Trialling the use of Tablets in Australian Courts: The Jury is Still Out


Australian Courtrooms are presently under pressure to adopt suitable technologies for evidence presentation in the courtrooms. This decision is to alleviate reliance on increasing volumes of paper based evidence documentation, harness the value of streamlining evidence presentation, reduce the time of trials and consequently increase courtroom availability. This paper discusses the findings of two ethnographic studies of court trial simulation activities held in the County Courts of both NSW and Victoria, where members of the Australian judiciary, including judges, barristers, lawyers, court administrators and law academics participated in criminal trial simulations where all of the evidence was presented with the use of tablet technology. This required the professional members of the judiciary to role-play as jury members, plaintiff, judge, the witness and courtroom administration. The purpose of the study was to demonstrate the capability of tablet technologies in the courtroom to the members of the judiciary community while identifying the requirements and wants of the participants, in order to produce a series of design recommendations for future development. It was found that there were substantially more advantages than just paper saving and reduced time produced from the introduction of technology as well as areas of concern for the judiciary.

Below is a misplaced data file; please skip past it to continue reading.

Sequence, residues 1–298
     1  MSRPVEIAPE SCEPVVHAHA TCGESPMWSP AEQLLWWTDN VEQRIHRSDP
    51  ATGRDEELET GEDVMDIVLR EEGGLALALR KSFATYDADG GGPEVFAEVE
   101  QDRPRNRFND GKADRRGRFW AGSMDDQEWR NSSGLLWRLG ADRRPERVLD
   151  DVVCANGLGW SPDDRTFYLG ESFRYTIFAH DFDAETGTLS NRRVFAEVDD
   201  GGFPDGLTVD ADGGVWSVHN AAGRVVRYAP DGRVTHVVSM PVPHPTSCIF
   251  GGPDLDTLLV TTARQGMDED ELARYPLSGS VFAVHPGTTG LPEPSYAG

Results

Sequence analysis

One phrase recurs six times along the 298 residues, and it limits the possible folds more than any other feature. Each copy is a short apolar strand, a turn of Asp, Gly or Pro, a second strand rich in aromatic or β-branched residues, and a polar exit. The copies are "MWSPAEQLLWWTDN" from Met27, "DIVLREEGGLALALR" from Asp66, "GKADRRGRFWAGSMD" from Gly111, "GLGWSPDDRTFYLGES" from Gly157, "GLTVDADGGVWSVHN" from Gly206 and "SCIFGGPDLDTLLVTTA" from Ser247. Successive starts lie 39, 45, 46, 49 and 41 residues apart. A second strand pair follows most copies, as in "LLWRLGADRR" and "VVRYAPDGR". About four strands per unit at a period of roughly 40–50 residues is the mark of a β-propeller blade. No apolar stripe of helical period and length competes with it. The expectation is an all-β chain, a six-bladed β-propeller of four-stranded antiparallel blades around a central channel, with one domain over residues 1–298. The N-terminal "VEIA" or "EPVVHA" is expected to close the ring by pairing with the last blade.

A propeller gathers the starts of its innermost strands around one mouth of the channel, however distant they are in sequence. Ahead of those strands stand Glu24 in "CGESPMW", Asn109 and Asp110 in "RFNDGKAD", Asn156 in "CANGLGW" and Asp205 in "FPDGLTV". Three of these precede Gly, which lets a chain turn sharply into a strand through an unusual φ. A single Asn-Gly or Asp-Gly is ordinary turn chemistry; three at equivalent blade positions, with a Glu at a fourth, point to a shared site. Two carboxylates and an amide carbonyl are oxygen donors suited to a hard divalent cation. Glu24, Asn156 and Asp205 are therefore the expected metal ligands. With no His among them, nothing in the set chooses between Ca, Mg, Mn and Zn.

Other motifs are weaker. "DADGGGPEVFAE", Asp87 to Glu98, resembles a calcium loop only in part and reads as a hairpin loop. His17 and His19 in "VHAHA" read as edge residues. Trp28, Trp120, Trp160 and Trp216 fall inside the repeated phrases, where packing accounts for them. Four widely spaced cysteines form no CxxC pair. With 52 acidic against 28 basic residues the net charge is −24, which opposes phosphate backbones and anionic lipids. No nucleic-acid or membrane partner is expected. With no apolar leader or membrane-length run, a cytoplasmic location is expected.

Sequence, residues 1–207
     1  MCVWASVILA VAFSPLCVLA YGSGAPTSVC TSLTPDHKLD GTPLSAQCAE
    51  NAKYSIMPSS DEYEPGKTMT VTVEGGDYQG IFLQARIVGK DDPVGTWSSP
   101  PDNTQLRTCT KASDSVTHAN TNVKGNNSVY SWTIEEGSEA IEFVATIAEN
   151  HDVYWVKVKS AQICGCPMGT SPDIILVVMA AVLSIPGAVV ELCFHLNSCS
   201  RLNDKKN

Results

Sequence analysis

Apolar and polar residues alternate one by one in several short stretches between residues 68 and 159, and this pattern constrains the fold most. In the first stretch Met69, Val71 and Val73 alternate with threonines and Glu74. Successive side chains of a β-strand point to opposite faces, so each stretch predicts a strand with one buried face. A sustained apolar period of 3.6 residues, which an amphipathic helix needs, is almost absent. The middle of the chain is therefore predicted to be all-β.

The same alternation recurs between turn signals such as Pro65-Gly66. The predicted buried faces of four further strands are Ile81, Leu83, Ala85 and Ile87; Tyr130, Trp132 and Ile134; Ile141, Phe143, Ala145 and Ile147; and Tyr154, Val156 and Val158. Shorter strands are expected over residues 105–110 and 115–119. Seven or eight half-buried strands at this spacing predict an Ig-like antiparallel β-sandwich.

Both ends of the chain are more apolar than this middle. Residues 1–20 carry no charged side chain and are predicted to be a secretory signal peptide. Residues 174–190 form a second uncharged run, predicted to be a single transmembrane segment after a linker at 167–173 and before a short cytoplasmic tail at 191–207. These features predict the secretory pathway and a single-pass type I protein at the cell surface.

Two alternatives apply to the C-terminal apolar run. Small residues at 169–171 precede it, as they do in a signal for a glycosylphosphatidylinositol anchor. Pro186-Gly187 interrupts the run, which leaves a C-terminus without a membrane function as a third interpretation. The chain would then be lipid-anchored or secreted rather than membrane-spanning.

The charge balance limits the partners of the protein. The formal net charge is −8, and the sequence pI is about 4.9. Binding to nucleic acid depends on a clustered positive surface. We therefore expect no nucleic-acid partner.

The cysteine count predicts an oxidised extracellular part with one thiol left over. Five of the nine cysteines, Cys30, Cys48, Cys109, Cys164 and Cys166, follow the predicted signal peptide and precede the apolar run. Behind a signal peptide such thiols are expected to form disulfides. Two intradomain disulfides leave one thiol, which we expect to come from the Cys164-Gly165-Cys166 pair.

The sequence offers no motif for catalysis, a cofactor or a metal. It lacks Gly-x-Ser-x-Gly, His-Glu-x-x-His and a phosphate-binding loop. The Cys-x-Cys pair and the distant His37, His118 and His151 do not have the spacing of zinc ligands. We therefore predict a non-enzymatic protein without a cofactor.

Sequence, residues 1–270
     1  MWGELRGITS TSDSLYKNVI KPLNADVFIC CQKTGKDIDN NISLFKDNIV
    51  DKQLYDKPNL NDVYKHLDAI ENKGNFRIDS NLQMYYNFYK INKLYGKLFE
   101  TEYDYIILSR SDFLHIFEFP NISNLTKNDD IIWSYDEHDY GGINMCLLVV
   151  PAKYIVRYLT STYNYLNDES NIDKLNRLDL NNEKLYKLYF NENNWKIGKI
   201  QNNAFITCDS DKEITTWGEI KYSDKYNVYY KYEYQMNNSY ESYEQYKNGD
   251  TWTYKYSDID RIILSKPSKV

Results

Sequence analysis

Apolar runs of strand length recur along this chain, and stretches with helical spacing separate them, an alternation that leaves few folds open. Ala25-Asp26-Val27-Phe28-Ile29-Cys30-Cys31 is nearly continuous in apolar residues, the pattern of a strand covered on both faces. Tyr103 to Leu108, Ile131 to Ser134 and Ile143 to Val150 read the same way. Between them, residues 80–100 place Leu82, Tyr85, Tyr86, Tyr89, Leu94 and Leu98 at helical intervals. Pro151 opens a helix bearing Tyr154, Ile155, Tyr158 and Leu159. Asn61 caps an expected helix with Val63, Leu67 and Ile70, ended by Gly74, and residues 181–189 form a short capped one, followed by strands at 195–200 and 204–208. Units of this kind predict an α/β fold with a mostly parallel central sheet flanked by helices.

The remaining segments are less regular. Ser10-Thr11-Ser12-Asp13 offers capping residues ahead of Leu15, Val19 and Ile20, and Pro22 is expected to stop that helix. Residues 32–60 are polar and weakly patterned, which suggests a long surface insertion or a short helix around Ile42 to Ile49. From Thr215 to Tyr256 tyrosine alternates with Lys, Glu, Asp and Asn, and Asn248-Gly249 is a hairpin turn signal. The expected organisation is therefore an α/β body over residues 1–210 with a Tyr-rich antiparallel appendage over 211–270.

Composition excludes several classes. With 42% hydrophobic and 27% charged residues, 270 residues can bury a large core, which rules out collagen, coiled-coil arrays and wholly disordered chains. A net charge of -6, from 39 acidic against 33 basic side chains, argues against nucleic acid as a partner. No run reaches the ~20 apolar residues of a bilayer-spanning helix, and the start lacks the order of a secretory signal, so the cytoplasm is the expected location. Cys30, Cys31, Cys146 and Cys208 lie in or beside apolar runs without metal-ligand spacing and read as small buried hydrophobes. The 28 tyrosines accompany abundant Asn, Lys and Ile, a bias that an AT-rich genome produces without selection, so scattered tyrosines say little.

DOI: 10.1145/2838739.2838779

Cite this paper

@inproceedings{Farrell2015TriallingTU, title={Trialling the use of Tablets in Australian Courts: The Jury is Still Out}, author={Graham Farrell and Robert T. Tipping and Vivienne Farrell and Clinton J. Woodward}, booktitle={OZCHI}, year={2015} }